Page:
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Snap IPO Set to Make Snapchat Co-Founders Into Overnight Billionaires

Snap Inc., the parent of social media sensation Snapchat, has priced shares of its initial public offering at $17, putting its valuation at $23.6 billion. The company is scheduled to begin trading on Thursday at the New York Stock Exchange, under the ticker name SNAP.

Investors are eager to "snap up" shares in the company, hoping to have a piece of what some analysts have said could become the biggest tech haul since Facebook.

Snapchat set to go public, valued at $23.6 billion 2:44

But while millennials and celebrities have clearly been won over by Snap, the company now faces its biggest test yet.

"Snapchat’s biggest challenge is to convince investors how they can be that 'next big thing' over and over and over," said Patrick Moorhead, principal analyst at Moor Insights & Strategy. "High flyers come out and then seem to be acquired, like Instagram —or flat-line, like Twitter."

Gene Munster, co-founder of Loup Ventures, told CNBC that Snap may be in for a rough ride.

"This is an expensive stock, so I think it's going to be choppy for the next year," he said.

From College Project to IPO

It's hard to believe what began as a college project for Evan Spiegel at Stanford University is now set to become a multi-billion dollar, publicly traded company.

"With most photo apps on the market advertising ways to make photos prettier or more stylized, we thought there was an opportunity to do something different. We wanted a place to share awkward selfies and funny photos with our friends," Evan Spiegel, Snap's co-founder and CEO, said in the company's first blog post on May 9, 2012. The app first launched in the App Store in September 2011.

Image: Evan Spiegel, Snapchat
Snapchat CEO Evan Spiegel poses in Los Angeles in 2013. Jae C. Hong / AP, file

Since then, Spiegel has become a tech bro celebrity of sorts. While the San Francisco Bay Area is ground zero for start-up success stories, Spiegel and his Snap team are headquartered in Venice, California.

Millennials, Celebs and Drama

Face it: Snapchat has changed the way many people communicate. It's made ugly selfies cool and is a popular medium for people to share with friends whatever it is they're doing, right now.

For celebrities, that can especially be a problem.

Kim Kardashian West updated her Snapchat story from Paris Fashion Week last October, along with her Twitter and Instagram. She gave her fans a play-by-play, from getting a facial and hopping between shows to showing off her massive diamond ring and grill.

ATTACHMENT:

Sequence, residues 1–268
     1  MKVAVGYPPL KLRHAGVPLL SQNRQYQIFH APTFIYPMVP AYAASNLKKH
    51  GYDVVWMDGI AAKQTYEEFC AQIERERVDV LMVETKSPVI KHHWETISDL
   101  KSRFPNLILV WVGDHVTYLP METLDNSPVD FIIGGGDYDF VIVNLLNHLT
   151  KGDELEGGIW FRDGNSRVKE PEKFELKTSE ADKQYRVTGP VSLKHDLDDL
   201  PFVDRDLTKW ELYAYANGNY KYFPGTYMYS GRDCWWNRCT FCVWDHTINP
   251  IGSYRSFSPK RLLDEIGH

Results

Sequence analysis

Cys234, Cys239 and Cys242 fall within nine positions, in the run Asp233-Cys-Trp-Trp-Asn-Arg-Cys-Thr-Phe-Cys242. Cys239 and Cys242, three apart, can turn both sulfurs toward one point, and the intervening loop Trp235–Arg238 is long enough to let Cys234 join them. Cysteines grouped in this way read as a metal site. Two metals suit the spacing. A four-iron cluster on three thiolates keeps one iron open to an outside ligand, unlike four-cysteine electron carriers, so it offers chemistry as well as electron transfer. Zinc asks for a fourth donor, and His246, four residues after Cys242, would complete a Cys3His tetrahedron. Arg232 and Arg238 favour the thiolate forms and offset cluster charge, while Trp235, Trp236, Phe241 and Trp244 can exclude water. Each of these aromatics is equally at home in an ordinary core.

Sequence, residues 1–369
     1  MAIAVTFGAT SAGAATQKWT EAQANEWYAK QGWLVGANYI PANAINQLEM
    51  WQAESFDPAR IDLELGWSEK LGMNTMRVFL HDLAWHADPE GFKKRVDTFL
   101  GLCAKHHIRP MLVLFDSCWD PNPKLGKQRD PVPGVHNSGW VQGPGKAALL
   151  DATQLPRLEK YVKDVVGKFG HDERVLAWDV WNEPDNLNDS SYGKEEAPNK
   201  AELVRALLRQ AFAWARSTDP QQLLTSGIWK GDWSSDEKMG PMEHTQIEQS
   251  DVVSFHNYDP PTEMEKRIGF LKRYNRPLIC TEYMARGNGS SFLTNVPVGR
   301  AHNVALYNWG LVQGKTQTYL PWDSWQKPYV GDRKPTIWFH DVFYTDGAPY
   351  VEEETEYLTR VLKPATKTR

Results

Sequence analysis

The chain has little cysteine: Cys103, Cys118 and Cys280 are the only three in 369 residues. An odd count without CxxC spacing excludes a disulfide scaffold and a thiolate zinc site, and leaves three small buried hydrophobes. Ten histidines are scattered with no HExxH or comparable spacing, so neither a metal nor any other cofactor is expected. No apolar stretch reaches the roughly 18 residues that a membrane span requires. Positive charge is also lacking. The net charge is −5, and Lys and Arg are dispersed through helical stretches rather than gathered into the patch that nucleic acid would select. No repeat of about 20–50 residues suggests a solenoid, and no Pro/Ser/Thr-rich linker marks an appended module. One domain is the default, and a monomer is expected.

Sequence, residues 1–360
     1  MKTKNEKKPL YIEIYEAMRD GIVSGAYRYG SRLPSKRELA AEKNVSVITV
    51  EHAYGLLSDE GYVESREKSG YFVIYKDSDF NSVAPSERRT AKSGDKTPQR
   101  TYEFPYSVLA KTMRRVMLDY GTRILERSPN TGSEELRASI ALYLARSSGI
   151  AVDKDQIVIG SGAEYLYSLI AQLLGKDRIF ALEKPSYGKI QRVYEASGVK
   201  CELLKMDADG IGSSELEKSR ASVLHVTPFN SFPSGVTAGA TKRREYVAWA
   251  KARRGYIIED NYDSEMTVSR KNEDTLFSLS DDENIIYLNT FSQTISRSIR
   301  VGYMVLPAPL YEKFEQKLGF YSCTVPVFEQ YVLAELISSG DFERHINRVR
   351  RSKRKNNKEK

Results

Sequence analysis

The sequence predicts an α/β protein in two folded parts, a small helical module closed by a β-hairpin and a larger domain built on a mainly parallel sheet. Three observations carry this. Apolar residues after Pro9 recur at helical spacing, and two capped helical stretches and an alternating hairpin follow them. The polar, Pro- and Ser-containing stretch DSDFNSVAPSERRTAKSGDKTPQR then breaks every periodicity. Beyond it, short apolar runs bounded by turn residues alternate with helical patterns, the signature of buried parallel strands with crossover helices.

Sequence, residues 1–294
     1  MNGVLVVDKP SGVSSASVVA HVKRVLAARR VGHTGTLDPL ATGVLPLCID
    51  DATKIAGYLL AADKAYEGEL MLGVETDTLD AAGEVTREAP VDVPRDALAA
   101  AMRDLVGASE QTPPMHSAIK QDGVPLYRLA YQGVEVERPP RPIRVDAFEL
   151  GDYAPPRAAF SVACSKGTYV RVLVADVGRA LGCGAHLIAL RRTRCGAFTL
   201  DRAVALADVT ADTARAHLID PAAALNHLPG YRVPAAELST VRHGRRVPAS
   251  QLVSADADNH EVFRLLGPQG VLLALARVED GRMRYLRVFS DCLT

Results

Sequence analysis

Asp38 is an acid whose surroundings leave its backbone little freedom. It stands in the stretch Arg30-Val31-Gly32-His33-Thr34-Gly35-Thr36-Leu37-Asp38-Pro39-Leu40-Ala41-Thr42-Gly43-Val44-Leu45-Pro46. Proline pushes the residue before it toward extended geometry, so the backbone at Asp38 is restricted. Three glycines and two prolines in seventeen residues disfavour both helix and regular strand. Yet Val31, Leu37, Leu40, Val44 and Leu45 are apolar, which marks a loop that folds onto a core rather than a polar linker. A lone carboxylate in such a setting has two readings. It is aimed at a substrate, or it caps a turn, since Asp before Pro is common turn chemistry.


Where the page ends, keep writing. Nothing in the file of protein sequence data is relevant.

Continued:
Related: Did Kim Kardashian West's Flashy Social Posts Make Her a Target?

On a Sunday night in Paris, while Kardashian West was alone in her apartment, a gang of thieves broke in, tied her up and stole her jewelry.

While it is unclear if the thieves saw Kardashian West's social media, the shaken star took some time off from the internet before returning to her favorite platforms.

Snapchat, Prisma, Houseparty: Hot apps your kids are buzzing about 3:32

What Does Snap Have to Offer?

As a privately held company, Snap has never been required to disclose its user numbers, until now. According to its filing, Snapchat has 158 million daily active users.

Snapchat has monetized that user base by running advertisements between some Snapchat stories. For the uninitiated, the stories feature allows any of a person's friends or followers to view a video and photo diary of their day.

The company also sells branded frames a user can add to a photo, and runs advertisements in its "Discover" section, where it partners with media companies to deliver content.

Image: A recruiter for messaging app Snapchat talks to job seekers at a booth at TechFair LA, a technology job fair, in Los Angeles
A recruiter for messaging app Snapchat talks to job seekers at a booth at a job fair in Los Angeles. Lucy Nicholson / Reuters

But five years after their launch, the team behind the app repositioned themselves as a camera company.

In September, Snapchat shed the "chat" in its company name, becoming "Snap." With it, came the announcement of new $130 camera glasses called Spectacles that could post to Snapchat.

"Now that we are developing other products, like Spectacles, we need a name that goes beyond just one product — but doesn't lose the familiarity and fun of our team and brand," CEO Evan Spiegel wrote in a blog post, explaining the shift to become a "camera company."

Related: Snap Is Using Vending Machines for Its New Camera Glasses

Snap has made Spectacles the tech product du jour thanks to its unorthodox sales process. Instead of having a store or online orders, the company is selling the glasses via pop-up vending machines.

The company's SEC filing has some interesting details, including the fact that "Snapchat may not be able to penetrate other demographics in a meaningful manner. For example, users 25 and older visited Snapchat approximately 12 times and spent approximately 20 minutes on Snapchat every day on average in the quarter ended December 31, 2016, while users younger than 25 visited Snapchat over 20 times and spent over 30 minutes on Snapchat every day on average during the same period."